What if Donald wins? Hillary?

Posted by Fred Frailey
on Friday, March 11, 2016

It's not too soon to be thinking about how railroads will be affected by the election of our next president. Let's start by imagining President Donald Trump. Every U.S. chief executive since the creation of Amtrak in 1971 has done no better than to give the passenger train company lip service. Most (I'm tempted to say all) Republican presidents sought to end its federal subsidy, which would have led to its demise. I can see a President Trump possibly making one big difference in the other direction. For this country to ever have high-speed (220-mph) passenger rail, somebody is going to have to think outside the box in regard to its financing. Whereas high-speed rail may pay its own operating costs and then some, the cost of construction would be humongous. No Congress, controlled by either party, will be willing to pay that cost out of the federal budget. Being the grandiose man he is, I can imagine a President Trump proposing that it be financed off the budget, by a government-guaranteed, long-term, low-interest loan. President Hillary Clinton could do the same, but I have more trouble imagining her stepping up.

But the intercity passenger train as we now know it, apart from a new high-speed rail initiative? I suspect the present service offered by Amtrak will continue to be political football engaged in by opponents from both political parties. You'd have to convince me that either Clinton or Trump would rally behind Amtrak, going beyond that lip service. There is literally no historical precedent for a president to do so. The result is that Amtrak would probably stumble through the next presidency, bloodied and bruised and more worn out than ever, but largely intact.

Freight railroading faces some interesting challenges if The Donald becomes president. Political support for free and open trade across international borders is collapsing everywhere. A chunk of Trump's support comes from people whose former jobs are now being performed in Mexico, China and Vietnam, to name just three places. What if Trump imposes, as he has said he might, a 20 percent tariff on goods imported from China? That would make a noticeable dent in intermodal traffic, primarily from West Coast ports. You could argue that in a bit that traffic will ultimately return as goods suddenly too expensive to be imported from China are made elsewhere in Asia and brought to U.S. ports. And what if he gets built that wall along the Mexican border, from San Diego to Brownsville? Can you see that increasing rail traffic between the two countries? I cannot.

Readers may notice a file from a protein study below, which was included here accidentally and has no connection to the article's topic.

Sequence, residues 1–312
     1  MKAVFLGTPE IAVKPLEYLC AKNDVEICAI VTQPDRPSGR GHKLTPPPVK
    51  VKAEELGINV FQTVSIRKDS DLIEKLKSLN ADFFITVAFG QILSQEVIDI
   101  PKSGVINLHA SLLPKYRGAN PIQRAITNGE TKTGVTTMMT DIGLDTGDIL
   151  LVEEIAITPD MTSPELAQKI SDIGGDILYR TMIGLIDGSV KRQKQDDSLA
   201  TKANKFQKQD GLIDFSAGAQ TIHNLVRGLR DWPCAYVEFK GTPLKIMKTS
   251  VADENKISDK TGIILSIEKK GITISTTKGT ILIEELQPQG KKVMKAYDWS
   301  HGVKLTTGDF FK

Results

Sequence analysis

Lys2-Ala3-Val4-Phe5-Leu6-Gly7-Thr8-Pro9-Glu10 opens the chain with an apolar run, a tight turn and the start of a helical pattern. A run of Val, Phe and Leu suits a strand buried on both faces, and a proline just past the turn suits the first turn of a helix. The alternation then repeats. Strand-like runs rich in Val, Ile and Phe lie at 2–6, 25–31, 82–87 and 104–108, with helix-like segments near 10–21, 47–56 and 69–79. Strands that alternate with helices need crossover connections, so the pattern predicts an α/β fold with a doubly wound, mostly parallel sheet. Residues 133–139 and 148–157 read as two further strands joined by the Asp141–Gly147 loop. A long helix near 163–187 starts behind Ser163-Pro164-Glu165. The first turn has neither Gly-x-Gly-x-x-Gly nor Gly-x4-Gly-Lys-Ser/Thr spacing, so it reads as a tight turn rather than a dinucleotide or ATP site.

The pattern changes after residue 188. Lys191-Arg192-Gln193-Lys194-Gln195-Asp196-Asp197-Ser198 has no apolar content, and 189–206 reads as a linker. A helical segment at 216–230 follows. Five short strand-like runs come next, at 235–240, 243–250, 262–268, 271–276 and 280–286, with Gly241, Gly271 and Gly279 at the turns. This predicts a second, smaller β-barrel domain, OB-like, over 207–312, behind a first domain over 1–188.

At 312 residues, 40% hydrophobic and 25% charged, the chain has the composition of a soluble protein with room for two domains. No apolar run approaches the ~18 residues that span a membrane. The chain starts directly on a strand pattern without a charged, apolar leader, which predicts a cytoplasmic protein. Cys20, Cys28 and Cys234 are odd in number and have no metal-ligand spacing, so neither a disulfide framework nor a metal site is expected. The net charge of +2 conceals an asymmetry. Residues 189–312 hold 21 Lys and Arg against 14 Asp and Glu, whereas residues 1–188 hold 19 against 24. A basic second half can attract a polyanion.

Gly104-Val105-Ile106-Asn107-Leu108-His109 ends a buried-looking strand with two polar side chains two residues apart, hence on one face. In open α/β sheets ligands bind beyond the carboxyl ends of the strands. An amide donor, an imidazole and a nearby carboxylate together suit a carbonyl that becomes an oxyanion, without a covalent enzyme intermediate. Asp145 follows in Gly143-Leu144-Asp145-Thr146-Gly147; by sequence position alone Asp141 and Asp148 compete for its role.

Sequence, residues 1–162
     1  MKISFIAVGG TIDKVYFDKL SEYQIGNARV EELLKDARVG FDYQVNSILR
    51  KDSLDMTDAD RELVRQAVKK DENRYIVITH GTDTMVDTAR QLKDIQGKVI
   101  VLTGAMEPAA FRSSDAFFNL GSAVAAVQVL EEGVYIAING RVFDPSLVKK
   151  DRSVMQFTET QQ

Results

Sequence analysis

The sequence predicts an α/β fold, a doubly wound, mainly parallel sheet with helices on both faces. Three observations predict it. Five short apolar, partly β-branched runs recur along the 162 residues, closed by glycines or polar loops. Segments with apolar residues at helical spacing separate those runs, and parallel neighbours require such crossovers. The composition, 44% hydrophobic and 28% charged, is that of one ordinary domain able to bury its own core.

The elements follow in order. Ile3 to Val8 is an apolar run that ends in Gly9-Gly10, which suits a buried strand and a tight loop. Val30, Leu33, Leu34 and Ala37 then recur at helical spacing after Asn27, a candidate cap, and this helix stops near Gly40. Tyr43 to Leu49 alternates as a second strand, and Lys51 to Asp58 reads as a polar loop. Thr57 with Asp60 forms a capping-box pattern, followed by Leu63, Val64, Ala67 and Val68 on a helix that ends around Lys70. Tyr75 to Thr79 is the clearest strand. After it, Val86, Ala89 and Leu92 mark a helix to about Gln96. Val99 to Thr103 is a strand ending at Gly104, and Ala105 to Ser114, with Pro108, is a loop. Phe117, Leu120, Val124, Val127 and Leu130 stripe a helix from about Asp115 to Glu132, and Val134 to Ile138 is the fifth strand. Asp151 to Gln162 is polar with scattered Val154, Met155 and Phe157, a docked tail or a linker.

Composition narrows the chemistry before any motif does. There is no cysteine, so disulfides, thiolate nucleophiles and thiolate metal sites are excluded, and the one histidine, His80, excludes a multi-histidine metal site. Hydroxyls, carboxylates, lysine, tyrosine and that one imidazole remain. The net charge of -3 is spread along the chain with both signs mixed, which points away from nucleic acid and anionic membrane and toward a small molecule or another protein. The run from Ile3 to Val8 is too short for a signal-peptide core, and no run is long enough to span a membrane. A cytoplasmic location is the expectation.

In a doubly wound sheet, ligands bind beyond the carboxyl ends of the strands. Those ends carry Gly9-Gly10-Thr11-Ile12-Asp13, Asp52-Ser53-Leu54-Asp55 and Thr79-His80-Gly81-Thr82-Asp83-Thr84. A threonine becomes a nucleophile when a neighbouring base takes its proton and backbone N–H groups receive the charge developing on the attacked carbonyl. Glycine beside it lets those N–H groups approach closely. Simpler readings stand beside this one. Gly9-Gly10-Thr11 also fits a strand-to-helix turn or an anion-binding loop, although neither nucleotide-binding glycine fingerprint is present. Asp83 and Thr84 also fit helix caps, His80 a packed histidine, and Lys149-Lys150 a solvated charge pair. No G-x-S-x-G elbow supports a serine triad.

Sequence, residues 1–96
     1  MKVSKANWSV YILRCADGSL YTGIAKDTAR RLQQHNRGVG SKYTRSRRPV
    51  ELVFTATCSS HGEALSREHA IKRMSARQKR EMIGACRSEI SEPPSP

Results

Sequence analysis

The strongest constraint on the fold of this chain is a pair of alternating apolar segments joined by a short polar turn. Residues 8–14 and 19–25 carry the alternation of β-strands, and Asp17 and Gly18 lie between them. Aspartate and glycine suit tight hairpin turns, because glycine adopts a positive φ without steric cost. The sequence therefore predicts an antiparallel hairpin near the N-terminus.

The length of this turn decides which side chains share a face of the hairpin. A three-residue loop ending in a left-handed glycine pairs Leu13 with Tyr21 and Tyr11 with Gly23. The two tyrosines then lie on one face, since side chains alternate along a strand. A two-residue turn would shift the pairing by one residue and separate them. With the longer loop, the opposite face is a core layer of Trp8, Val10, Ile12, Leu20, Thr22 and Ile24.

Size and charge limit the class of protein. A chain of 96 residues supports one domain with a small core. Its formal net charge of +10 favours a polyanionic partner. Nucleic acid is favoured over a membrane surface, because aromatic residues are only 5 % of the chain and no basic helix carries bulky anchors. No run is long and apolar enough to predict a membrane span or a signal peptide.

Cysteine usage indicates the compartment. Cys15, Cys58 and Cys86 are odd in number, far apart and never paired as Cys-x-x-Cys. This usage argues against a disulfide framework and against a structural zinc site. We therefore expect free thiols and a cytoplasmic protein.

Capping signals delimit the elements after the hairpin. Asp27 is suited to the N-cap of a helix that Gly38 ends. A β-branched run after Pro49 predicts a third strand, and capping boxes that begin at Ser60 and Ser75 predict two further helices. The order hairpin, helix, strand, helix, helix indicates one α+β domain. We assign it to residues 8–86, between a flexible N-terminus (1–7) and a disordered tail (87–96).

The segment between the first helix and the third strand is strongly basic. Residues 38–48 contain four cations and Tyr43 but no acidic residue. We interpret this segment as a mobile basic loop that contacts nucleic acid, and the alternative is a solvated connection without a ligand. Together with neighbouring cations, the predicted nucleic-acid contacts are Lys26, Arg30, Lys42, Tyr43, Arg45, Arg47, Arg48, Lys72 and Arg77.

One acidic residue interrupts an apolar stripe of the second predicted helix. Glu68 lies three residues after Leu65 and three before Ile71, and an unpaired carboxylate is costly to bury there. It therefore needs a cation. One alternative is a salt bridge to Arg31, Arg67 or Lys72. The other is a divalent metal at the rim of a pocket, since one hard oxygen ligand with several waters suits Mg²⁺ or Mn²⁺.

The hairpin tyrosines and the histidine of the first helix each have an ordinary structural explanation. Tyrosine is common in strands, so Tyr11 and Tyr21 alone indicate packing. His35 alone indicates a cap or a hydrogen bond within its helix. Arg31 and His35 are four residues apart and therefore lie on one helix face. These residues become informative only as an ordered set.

Now for President Clinton. She is a less volatile person than Donald Trump, but that's not necessarily good for rail traffic, either. I doubt she would lift a finger to help the coal mining industry get back on its feet. Can you imagine otherwise? Plus, she has stalwart support from leaders of trade unions, who would love for her to slap that same 20 percent tariff on imports from China and maybe elsewhere. I have difficulty seeing that happen--Hillary Clinton is pretty steady-as-you go. But I could see her imposing more safety regulations on the railroad business, and woe unto the railroads that haven't installed positive train control by the present deadline of 2018 and come back asking for even more time.

I would like your ideas on this subject. But asking for them on this topic is like throwing a match onto a puddle of gasoline. Please keep your tone of voice polite.--Fred W. Frailey

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